The protection of humans and the environment is of primary importance during the dismantling of nuclear plants. This short film shows how a nuclear plant is dismantled:
Shut down nuclear power plants may not be left to their own devices. They are still subject to nuclear law and thus require the supervision of federal and regional authorities. Separate permission is therefore required for the decommissioning and dismantling of all plants. Special challenges are presented by the dismantling of heavily contaminated and/or activated parts with a high dose rate and the safe management of the resulting radioactive waste.
The shutting down of nuclear plants and laboratories and prototype facilities used for nuclear research and thus also their dismantling is a demanding task. It requires specialist knowledge in many fields. In Germany, a number of smaller reactors have already been shut down and completely dismantled, for example in Niederaichbach, Grosswelzheim and Kahl. Commercial reactors are also being dismantled or projects have already been completed, such as the dismantling of Würgassen Nuclear Power Plant.
The EWN Group’s experts have gained extensive experience with dismantling nuclear facilities through the successful dismantling of a number of plants of various kinds.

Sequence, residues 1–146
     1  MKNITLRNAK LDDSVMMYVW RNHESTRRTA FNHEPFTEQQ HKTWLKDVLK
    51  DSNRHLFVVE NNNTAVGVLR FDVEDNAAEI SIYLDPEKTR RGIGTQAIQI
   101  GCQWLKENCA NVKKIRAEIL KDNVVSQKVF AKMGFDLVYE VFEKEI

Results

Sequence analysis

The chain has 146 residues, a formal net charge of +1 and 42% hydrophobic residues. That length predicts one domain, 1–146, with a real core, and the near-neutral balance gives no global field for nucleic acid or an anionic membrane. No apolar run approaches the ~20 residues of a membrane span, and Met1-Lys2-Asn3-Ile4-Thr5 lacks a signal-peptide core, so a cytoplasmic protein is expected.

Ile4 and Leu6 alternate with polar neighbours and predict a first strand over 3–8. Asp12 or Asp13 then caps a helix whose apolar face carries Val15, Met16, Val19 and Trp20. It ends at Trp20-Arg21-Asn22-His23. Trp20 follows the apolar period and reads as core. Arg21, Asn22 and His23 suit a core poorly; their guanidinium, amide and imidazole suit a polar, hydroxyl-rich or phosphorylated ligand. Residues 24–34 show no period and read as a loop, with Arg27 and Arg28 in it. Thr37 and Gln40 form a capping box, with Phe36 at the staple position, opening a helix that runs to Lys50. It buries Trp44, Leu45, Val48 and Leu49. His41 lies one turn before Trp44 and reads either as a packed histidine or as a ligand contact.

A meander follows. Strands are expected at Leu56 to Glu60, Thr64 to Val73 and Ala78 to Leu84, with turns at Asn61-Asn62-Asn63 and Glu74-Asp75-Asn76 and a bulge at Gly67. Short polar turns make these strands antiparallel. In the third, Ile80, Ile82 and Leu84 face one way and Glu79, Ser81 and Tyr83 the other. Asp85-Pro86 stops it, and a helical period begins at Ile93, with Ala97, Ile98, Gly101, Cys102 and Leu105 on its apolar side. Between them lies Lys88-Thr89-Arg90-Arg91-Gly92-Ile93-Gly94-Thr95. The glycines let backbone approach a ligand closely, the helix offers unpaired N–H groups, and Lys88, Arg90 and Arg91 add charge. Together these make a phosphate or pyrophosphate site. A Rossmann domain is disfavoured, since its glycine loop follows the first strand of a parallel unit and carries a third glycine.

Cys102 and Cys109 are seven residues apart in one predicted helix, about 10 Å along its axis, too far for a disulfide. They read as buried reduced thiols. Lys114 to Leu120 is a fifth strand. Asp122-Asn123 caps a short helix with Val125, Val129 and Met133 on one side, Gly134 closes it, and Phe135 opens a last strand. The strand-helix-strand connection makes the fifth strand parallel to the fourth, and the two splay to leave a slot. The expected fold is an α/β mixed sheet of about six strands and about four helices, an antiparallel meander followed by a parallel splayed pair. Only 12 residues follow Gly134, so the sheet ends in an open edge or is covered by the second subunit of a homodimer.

Nuclear facilities like research and power reactors consist of plant components such as pumps and pipes and concrete structures. These can generally be recycled conventionally– for example as scrap or demolished concrete in road construction. On average, around three quarters of the accumulated materials can be recycled without harm, monitored by the supervisory authorities. The remainder is radioactive waste and has to be decontaminated. There are several options available for this in the plants.
Radioactive waste materials which accumulate during dismantling projects are first decontaminated as far as possible. Further information is available at:
Radioactive waste is stored temporarily at the Interim Storage Facility North until it can be handed over to a federal final store. Further information is available at:
Although safety and waste management aspects generally favour direct dismantling, a plant can also be dismantled after several decades of safe enclosure (also known as nuclear entombment). The aim of this approach is to reduce radioactivity in the facility through the natural process of decay over the years. This makes the actual dismantling easier. There are, however, special requirements for safe enclosure:
Research Reactor 2 is currently safely enclosed on the site of the former research centre in Karlsruhe. It was transferred to this state in 1996 and is to be completely dismantled as from the mid 2020s.
Generally, nuclear facilities and reactors in Germany are directly dismantled. There are a number of advantages to this: